Mama Bird

They’re gone–today. The last two of my children, twins, have left home for college. I have known my youngest boys would grow up and move out for eighteen and a half years. As a concept, it is nothing new. It is not a surprise. But now that it has happened, it feels distinctly new and very much like a surprise.

I have more tools available to cope with this transition than my great-grandmother, my grandmother–even my mother. The internet is full of empty nest resources: blogs, books, and interviews bursting with mother birds detailing their new careers, new husbands, new pets, or new haircuts–things to fill the void. None of it resonates. I don’t want a new career or to leave my husband. I don’t want to get another dog and I don’t want to get bangs.

The plethora of empty nest tools don’t seem useful because I believe I am in shock. I knew, as a concept, that I wouldn’t be hand-washing baby bottles forever, that the children wouldn’t be un-trainable on the potty forever, that I wouldn’t be making sure they didn’t eat sand in the sandbox forever, that I wouldn’t be driving from baseball game to lacrosse game to basketball practice to theater rehearsal–forever. But it damned well seemed like it.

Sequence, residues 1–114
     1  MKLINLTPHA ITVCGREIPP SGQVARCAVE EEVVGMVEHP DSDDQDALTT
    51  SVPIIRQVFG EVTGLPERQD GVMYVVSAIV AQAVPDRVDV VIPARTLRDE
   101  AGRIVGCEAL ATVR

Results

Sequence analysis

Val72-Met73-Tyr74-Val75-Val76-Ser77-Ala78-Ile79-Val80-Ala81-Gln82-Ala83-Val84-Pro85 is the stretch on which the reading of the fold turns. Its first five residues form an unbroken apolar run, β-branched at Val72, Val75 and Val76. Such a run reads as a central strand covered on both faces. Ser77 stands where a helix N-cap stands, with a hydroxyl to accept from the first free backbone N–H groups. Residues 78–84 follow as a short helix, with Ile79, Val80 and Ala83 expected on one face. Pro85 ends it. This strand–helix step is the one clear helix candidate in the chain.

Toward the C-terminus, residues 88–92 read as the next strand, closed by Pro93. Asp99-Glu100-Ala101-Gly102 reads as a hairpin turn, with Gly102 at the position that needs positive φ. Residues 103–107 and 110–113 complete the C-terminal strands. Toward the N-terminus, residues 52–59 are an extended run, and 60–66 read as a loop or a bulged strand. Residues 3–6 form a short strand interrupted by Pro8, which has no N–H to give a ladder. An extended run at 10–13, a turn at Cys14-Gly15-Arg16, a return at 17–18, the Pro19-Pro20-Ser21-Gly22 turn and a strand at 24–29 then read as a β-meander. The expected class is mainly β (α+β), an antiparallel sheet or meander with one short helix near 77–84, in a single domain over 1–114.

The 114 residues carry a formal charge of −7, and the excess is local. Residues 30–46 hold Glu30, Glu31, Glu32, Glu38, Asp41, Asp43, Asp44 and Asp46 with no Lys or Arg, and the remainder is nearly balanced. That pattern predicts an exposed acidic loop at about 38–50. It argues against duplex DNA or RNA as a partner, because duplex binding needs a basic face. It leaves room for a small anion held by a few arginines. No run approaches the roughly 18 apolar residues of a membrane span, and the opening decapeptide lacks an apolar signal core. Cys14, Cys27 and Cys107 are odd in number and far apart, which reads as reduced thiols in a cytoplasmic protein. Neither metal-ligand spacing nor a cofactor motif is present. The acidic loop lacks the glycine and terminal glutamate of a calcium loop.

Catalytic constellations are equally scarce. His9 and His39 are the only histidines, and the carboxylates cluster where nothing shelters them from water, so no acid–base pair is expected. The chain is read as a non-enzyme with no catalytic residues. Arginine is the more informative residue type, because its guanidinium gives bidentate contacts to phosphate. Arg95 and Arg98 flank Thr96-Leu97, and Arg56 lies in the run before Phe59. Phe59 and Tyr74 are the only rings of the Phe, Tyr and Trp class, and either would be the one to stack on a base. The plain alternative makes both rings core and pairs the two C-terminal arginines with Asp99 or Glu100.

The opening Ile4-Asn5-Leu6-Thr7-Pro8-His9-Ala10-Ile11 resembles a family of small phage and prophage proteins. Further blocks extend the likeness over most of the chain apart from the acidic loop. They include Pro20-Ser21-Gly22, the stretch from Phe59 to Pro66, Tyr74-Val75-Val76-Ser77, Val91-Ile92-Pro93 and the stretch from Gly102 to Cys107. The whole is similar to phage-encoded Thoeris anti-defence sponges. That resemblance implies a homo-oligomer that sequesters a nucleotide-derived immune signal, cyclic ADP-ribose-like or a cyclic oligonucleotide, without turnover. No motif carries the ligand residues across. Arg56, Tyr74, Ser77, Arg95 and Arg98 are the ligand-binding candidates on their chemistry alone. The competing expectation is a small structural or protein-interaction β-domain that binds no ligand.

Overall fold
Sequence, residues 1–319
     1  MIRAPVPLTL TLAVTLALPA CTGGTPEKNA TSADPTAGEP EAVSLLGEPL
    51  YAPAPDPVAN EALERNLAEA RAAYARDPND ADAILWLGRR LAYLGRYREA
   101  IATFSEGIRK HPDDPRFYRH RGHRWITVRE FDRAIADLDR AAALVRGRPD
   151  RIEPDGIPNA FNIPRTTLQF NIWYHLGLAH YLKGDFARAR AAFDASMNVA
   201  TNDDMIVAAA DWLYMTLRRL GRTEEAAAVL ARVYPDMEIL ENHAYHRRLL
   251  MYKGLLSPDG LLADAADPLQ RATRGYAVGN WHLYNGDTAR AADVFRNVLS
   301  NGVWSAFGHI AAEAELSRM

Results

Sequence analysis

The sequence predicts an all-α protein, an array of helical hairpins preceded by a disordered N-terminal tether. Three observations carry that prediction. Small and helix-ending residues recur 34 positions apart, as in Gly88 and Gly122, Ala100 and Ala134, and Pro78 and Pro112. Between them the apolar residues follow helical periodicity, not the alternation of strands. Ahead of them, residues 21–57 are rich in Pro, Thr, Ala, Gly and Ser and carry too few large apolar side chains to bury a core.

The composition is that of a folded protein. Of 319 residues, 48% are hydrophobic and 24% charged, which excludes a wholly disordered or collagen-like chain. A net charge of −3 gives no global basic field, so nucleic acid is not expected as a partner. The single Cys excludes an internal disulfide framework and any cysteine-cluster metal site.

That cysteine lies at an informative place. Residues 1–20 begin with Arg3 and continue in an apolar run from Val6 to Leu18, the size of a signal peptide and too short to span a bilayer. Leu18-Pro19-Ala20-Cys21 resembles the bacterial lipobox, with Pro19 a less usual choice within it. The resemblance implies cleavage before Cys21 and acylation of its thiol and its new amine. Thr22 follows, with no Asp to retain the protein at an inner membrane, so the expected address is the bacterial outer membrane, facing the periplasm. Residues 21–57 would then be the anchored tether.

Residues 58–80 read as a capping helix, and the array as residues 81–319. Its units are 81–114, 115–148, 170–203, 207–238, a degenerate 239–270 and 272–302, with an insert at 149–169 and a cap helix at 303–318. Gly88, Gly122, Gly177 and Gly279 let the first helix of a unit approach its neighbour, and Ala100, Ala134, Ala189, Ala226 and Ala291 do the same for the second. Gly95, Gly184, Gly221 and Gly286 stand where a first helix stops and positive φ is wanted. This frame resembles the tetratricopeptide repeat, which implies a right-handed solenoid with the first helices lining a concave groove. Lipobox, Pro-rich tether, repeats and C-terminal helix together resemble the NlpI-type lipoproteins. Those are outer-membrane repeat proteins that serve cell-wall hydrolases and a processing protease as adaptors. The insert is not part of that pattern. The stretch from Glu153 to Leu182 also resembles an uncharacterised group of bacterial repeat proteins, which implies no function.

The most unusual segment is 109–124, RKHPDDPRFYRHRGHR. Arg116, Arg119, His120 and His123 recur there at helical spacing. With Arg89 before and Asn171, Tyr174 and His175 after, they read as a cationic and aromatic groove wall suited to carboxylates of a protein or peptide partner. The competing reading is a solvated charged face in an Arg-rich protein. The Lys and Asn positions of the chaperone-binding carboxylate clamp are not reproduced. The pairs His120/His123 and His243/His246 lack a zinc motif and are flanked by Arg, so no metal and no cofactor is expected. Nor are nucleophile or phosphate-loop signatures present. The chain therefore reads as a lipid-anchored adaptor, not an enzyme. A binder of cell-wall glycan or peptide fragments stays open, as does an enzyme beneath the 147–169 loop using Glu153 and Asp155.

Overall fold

The societal expectation is that I should either be sad, hiding in a corner with a blanket or ecstatically happy, planning a trip around the world. This is so American, as is the phrase, “empty nester.” Since I am an American, I should feel right at home. What I feel is a something I don’t yet have a name for, a something that is describable only as an absence. What will my empty nest be filled with, this new hole punched in the Universe of time? What will I do with our old four-bedroom farmhouse that held generations of children, its rock-dotted lawn which in its one hundred and fifty year history supported horses, dairy cows, and crops of strawberries? This is what I ask myself. Other people ask me too. They ask, because I have a track record of being prepared for everything and having an outfit to match.